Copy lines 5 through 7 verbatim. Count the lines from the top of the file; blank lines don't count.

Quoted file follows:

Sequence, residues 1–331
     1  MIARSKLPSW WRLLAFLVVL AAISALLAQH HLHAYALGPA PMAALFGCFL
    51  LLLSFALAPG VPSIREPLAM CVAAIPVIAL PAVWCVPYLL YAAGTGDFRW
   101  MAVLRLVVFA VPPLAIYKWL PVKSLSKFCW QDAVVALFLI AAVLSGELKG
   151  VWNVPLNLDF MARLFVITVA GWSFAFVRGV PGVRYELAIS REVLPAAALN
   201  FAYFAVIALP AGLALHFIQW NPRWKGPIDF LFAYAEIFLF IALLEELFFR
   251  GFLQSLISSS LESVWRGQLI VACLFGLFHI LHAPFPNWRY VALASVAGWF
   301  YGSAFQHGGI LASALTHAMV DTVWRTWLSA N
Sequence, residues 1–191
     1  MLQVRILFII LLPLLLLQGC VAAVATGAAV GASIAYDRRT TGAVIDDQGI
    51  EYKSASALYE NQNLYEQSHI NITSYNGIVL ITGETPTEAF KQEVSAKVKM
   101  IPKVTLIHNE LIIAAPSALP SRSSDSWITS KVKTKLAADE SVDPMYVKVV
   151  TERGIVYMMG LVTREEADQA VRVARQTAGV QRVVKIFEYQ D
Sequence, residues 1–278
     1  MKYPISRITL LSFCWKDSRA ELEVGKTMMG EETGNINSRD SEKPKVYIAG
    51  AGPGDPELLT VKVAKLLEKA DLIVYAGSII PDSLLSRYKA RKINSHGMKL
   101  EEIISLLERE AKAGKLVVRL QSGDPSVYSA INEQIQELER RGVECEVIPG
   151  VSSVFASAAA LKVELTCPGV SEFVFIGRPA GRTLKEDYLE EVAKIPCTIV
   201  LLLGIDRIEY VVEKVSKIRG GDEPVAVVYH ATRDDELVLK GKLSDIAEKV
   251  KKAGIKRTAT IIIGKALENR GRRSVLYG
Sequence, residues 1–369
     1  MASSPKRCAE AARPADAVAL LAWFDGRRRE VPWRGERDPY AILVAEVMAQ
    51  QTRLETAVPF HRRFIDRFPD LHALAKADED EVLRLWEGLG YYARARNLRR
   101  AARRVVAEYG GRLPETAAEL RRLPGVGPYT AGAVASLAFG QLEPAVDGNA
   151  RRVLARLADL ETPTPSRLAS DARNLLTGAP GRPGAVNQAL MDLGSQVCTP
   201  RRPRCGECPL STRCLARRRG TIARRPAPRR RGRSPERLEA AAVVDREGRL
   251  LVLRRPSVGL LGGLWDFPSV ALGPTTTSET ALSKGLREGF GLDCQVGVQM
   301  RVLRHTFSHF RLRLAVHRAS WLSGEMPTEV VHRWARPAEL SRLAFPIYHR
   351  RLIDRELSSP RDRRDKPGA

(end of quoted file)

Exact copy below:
   151  VWNVPLNLDF MARLFVITVA GWSFAFVRGV PGVRYELAIS REVLPAAALN
   201  FAYFAVIALP AGLALHFIQW NPRWKGPIDF LFAYAEIFLF IALLEELFFR
   251  GFLQSLISSS LESVWRGQLI VACLFGLFHI LHAPFPNWRY VALASVAGWF